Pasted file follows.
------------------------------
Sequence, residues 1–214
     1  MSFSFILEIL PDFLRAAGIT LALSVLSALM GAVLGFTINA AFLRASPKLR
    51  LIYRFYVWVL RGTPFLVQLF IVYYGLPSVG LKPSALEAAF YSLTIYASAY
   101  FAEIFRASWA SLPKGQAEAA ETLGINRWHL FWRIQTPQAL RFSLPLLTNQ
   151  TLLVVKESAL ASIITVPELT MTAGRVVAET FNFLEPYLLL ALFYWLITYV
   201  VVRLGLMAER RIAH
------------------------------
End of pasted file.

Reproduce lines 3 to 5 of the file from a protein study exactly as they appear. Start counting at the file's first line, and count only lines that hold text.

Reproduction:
    51  LIYRFYVWVL RGTPFLVQLF IVYYGLPSVG LKPSALEAAF YSLTIYASAY
   101  FAEIFRASWA SLPKGQAEAA ETLGINRWHL FWRIQTPQAL RFSLPLLTNQ
   151  TLLVVKESAL ASIITVPELT MTAGRVVAET FNFLEPYLLL ALFYWLITYV